Rheumatoid Arthritis


Rheumatoid arthritis is a chronic inflammatory autoimmune condition of the joints affecting mainly the limbs on both sides. It principally affects the synovial membrane which surrounds flexible joints. The inflammation of the membrane leads to pain and difficulty in the movement of the joint. The condition is of systemic nature and can also affect the membranes covering the lungs and the heart in progressive stages. Rheumatoid arthritis tends to start in young adults compared to osteoarthritis which is mainly seen in older people.


In rheumatoid arthritis, the small joints of fingers and toes are the first to be affected. Joint pain, swelling and stiffness are the main symptoms. It affected joints on both sides of the body (bilateral). The condition generally presents with signs of inflammation –  the affected joints may become red, swollen and warm to touch. Muscle atrophy around the joint is commonly seen in chronic cases. The joint pain and stiffness are worse during morning hours.

As the condition progresses it tends to involve multiple joints, a condition called as polyathritis. Large and weight bearing joints are frequently affected. Fever, weakness, fatigue and weight loss is also evident in rheumatoid arthritis. The skin may show characteristic lesions known as rheumatoid nodules. Numbness in the extremities where the joints are affected may be experienced.

Rheumatoid arthritis can also affect the heart, lungs and kidneys. Patients with rheumatoid arthritis have an increased risk of heart diseases, rheumatoid lung disease and renal amyloidosis. Dry eyes, anemia and osteoporosis may also develop in cases of rheumatoid arthritis.


The exact cause of rheumatoid arthritis is unknown. The condition is more prevalent in woman in the 20 to 45 year ago group. Rheumatoid arthritis is an autoimmune disorder primarily affecting the joints. In autoimmune disorders, the body develops antibodies against its own tissues. In case of rheumatoid arthritis these antibodies attack the joint cavity and synovial membrane, which leads to inflammation of the joints. The inflammation eventually leads to erosion of joint surfaces leading to stiffness and loss of function. Eventually the joint becomes fused.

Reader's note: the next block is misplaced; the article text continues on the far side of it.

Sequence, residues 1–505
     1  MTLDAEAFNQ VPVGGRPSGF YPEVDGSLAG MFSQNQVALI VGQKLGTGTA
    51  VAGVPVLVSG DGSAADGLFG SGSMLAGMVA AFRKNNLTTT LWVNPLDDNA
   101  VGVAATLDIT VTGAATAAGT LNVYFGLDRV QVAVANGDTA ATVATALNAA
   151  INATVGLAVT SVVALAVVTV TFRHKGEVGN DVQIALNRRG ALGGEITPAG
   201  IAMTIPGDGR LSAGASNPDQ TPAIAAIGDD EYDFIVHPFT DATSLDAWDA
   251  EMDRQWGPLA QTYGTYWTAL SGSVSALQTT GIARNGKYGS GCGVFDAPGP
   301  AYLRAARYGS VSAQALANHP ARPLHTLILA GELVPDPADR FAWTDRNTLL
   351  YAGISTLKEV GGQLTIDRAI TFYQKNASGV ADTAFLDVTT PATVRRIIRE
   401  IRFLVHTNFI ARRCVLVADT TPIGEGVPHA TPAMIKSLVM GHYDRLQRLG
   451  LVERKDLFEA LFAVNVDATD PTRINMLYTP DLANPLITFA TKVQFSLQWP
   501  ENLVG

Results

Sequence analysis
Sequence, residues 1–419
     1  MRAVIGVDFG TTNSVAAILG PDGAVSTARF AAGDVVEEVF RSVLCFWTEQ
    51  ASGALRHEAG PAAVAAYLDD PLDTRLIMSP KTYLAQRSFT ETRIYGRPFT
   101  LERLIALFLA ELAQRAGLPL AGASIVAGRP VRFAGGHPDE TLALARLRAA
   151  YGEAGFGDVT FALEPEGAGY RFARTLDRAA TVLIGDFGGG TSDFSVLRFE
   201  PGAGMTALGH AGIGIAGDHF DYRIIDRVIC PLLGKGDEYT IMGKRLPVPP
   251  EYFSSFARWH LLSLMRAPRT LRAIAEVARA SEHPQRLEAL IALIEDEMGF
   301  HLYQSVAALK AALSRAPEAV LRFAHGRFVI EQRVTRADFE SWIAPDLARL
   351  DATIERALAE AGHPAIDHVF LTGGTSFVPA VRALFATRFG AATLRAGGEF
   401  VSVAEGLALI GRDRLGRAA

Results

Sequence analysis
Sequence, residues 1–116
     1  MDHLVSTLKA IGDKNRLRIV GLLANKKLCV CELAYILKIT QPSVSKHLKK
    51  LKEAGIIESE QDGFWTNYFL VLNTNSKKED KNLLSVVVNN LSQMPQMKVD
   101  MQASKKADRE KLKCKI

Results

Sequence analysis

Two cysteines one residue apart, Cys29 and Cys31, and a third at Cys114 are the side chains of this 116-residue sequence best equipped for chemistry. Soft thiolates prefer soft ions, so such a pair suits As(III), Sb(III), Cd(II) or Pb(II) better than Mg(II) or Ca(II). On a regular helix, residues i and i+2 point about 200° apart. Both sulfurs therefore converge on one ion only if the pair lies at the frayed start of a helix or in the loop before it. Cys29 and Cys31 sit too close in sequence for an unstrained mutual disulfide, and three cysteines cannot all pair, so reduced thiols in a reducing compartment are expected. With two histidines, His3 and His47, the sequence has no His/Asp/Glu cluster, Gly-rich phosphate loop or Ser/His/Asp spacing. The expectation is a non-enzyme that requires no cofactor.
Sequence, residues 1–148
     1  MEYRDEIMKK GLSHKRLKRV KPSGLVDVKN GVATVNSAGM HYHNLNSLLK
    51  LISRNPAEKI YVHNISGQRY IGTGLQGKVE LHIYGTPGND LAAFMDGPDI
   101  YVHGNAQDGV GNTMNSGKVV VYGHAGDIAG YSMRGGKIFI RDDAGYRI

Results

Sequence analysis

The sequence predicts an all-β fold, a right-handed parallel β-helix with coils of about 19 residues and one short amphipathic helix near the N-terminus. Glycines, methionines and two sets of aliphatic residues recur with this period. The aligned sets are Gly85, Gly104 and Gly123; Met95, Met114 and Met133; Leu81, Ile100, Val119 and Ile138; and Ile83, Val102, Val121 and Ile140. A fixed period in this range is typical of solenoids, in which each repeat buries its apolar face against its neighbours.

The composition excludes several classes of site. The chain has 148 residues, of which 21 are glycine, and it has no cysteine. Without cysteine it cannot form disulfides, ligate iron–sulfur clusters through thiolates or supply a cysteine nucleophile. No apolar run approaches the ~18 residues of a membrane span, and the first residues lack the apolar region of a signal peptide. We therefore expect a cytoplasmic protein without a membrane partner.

The probable cause of rheumatoid arthritis could be events that trigger autoimmunity. Infections, genes and hormones may possibly be trigger factors. Certain infections such as Mycoplasma, rubella and herpes virus infections are believed to be associated with development of rheumatoid arthritis. Family history remains one of the strongest risk factors for developing rheumatoid arthritis. However, this does not explain the majority of cases of rheumatoid arthritis.


The treatment is aimed reduction of pain and swelling, preservation of the joint function and prevention of deformities. Limiting strain to the joint and physical therapy are the main approaches to managing rheumatoid arthritis in the long term. Local treatment to reduce joint pain and discomfort includes heat, diathermy, muscle strengthening exercises and hydrotherapy. Weight loss is advised in obese patients.

To relieve pain and inflammation, corticosteroid injections are sometimes given directly into the affected joints. Non-steroidal anti-inflammatory drugs such as ibuprofen, diclofenac and piroxicam can be given for symptomatic relief. Slow acting anti-rheumatoid drugs such as hydroxyl chloroquine sulfate, sulphasalazine and methotrexate are also prescribed.

In early phases of the disease, surgery can be carried out to remove the affected synovial membrane. The procedure is known as synovectomy. In chronic cases where the joints are severely damaged, joint replacement procedures for certain joints can be considered.


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